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Which alcohol control strategies do young people think are effective?


  • Richard de Visser PhD, Senior Lecturer, Angie Hart PhD, Professor of Child, Family & Community Health, Charles Abraham PhD, Professor of Behaviour Change, Anjum Memon PhD, Senior Lecturer, Rebecca Graber PhD, Research Fellow, Tom Scanlon MRCGP, Director of Public Health, Brighton & Hove.


Introduction and Aims

The aims of this study were to examine young people's belief in the effectiveness of various alcohol control strategies and to identify demographic, attitudinal and behavioural correlates of perceived effectiveness.

Design and Methods

An online questionnaire hosted on a secure server was completed by 1418 men and women aged 16–21 years living in South-East England. It assessed the perceived effectiveness of various alcohol control strategies. Key correlates included sensation seeking, impulsivity, conscientiousness, alcohol outcome expectancies, drink refusal self-efficacy, perceived peer alcohol use and Alcohol Use Disorders Identification Test scores.


The most effective strategies were perceived to be enforcing responsible service legislation, strictly monitoring late-night licensed premises and teaching alcohol refusal skills. Greater belief in the effectiveness of alcohol control strategies was expressed by older participants, those who consumed less alcohol and those who expected more negative outcomes from alcohol consumption.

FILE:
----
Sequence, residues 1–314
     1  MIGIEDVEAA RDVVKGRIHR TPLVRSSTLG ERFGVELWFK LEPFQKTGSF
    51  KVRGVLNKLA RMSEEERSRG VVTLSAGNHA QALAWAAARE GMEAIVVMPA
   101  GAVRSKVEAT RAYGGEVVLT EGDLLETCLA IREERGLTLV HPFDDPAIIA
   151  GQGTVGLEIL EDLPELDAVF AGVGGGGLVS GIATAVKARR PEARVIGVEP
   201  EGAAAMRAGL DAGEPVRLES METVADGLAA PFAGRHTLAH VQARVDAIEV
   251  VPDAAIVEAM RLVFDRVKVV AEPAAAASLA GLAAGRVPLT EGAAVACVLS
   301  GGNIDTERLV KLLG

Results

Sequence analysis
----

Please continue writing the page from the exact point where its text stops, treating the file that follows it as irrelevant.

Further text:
Discussion and Conclusions

The data suggest that in order to increase the perceived effectiveness of alcohol control strategies, we may need to address young people's beliefs about the negative outcomes of alcohol use. Strategies that young people believe are effective may be easier to implement, but this does not imply that unpopular but effective strategies should not be tried. [de Visser RO, Hart A, Abraham C, Memon A, Graber R, Scanlon T. Which alcohol control strategies do young people think are effective? Drug Alcohol Rev 2014;33:144–151]

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